One of my favorite things about booking award tickets with foreign programs is that foreign programs often have much more reasonable change and cancellation fees than major domestic carriers in the United States. That’s true even when booking award tickets for travel on partner airlines. Virgin Atlantic publishes a cancellation fee of $50 per passenger, which is what I paid (for three passengers) to cancel and redeposit an award itinerary in August. In September, I called to cancel another itinerary and was told that Virgin Atlantic doesn’t charge the cancellation fee when taxes & fees are less than $50 (you just forfeit the taxes & fees). Indeed, I wasn’t charged the fee that time and the short story is that I was later able to get a refund of the fees I had paid in August. As such, I’m pretty sure this is official policy and could make Virgin Atlantic Flying Club even better for booking awards on Delta.
Cancelling a ticket and paying the fee
There’s a bit of a story here, but I think it’s worth telling in order to explain why I’m confident that this is actual policy rather than a random agent who didn’t know what they were talking about.
In August, my wife, son and I were scheduled to fly Delta One from Detroit to Honolulu. We had booked that flight almost a year in advance with Virgin Atlantic Flying Club miles for 37,500 miles each plus $5.60 in taxes (total = 112,500 miles + $16.80). For those unfamiliar with the process, see How to book Delta flights with Virgin Atlantic miles.
In July, I stumbled on the sweet-spot find of the year: that Turkish Miles & Smiles charges 7.5K miles each way for domestic Star Alliance economy class flights. In the US, that includes flights from anywhere in the continental US to Hawaii if you can find United Saver availability (note that phone agents have been having trouble booking Star Alliance awards since mid-September. Try booking via email).
When I compared the 112,500 Virgin Atlantic Flying Club miles I’d paid for the three of us for the Delta flight (which would require positioning to Detroit) with the 22,500 miles I could pay with Turkish Miles & Smiles for economy class on United from my home airport (no positioning required), I couldn’t justify keeping the Delta flight. I knew that the cancellation / redeposit fee for Virgin Atlantic Flying Club awards was $50 per passenger and I was willing to swallow that. I called about a week before departure to cancel the ticket on Delta with Virgin Atlantic. The phone agent told me that the fee would be $50 per passenger and she took my credit card information over the phone. This matches what the Virgin Atlantic Flying Club Spending Miles terms and conditions says in section 4.2:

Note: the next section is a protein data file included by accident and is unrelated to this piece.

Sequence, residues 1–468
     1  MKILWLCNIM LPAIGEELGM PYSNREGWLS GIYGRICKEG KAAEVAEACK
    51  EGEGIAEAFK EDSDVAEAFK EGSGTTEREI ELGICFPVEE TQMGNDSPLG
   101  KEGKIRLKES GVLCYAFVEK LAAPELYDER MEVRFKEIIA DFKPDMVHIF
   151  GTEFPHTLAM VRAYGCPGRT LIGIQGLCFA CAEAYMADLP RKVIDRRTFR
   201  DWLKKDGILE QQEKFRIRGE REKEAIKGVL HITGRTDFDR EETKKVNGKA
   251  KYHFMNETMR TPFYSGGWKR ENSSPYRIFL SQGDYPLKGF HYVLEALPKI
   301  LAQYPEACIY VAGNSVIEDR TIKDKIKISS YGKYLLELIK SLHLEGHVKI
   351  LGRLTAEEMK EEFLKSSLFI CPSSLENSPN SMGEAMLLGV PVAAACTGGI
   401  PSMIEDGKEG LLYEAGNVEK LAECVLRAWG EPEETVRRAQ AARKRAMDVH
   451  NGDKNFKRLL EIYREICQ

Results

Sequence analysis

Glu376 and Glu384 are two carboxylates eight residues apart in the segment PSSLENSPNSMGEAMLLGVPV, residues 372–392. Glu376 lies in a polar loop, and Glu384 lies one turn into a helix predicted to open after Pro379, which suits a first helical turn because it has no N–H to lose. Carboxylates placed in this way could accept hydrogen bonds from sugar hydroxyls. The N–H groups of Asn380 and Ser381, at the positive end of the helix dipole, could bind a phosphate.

If for any reason a flight Reward is cancelled by the Member outside 24 hours of departure, 100% of the Miles will be re-credited to the Member’s account. A cancellation fee of £30 for changes to flights originating in the UK, US$50 for changes to flights originating in the US or local currency equivalent of US$50 for changes to flights originating in any other region will apply.
A few days after calling to cancel, I noticed something really weird. I had received my 112,500 miles back, but the award itinerary still showed up in my Virgin Atlantic account under upcoming trips. When I put the confirmation number in at Delta.com, it showed that my tickets were still valid; though I’d received the miles back, it looked like the tickets hadn’t been cancelled. I was concerned that when I didn’t show up for the Delta flight, Virgin Atlantic might claw back the miles saying that I no-showed the flight. I didn’t want to fly economy and also be out the miles for first, so I called Virgin Atlantic (at this point about 4 days before the scheduled flight). I explained the situation to the agent and he seemed to know exactly what the problem was. He went ahead and cancelled the flight. While he was doing that, he mumbled something about how the taxes were only $5.60, so they weren’t going to charge me a cancellation fee. That caught my ear, but I immediately figured that this was a case of the agent not knowing what he’s talking about. I’ve often encountered agents who were wrong about simple things (See: 6 calls, 6 different answers…customer service doesn’t always know best). Furthermore, I’d already given the first agent my credit card info a few days before and assumed she had charged me. And at that point, I was more curious than anything about what had happened with my not-cancelled flight. This new phone agent confirmed that the Delta itinerary hadn’t been cancelled and he said that had I shown up at the airport I’d have gotten a free flight. Just as before, I took this with a grain of salt as I’d expect that Virgin Atlantic would look to me after Delta stretched out its hand looking for payment. I only explain all that so as to make it clear that the comment he made about no cancellation fee just wasn’t at the top of my mind at the moment.